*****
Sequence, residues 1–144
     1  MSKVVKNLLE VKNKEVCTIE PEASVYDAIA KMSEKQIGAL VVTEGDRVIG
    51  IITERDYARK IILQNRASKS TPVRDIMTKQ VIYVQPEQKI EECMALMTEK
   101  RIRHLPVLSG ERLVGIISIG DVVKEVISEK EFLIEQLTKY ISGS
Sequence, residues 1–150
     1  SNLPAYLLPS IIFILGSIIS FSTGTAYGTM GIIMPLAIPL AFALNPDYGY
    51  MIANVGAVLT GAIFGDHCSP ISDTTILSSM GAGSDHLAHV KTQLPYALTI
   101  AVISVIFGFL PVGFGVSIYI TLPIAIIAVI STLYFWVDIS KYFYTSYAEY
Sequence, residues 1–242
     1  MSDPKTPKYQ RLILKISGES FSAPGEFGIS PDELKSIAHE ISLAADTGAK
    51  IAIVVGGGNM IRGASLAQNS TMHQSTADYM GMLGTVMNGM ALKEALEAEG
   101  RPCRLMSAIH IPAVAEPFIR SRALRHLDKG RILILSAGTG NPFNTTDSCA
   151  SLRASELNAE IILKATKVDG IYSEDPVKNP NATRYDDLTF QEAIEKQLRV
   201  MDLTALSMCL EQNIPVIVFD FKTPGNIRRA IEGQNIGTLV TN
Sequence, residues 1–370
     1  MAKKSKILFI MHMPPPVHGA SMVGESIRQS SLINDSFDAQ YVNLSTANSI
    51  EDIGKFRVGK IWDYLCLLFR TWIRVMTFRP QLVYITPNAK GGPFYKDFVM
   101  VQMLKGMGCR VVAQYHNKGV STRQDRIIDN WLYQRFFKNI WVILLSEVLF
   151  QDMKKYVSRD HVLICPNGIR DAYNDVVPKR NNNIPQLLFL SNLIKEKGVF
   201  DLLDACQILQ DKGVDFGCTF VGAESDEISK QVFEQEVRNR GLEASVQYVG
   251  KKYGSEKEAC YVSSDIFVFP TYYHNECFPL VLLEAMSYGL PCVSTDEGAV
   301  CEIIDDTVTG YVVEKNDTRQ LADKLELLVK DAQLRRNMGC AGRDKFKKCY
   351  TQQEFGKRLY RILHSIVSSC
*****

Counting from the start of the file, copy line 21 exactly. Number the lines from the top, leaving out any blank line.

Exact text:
   251  KKYGSEKEAC YVSSDIFVFP TYYHNECFPL VLLEAMSYGL PCVSTDEGAV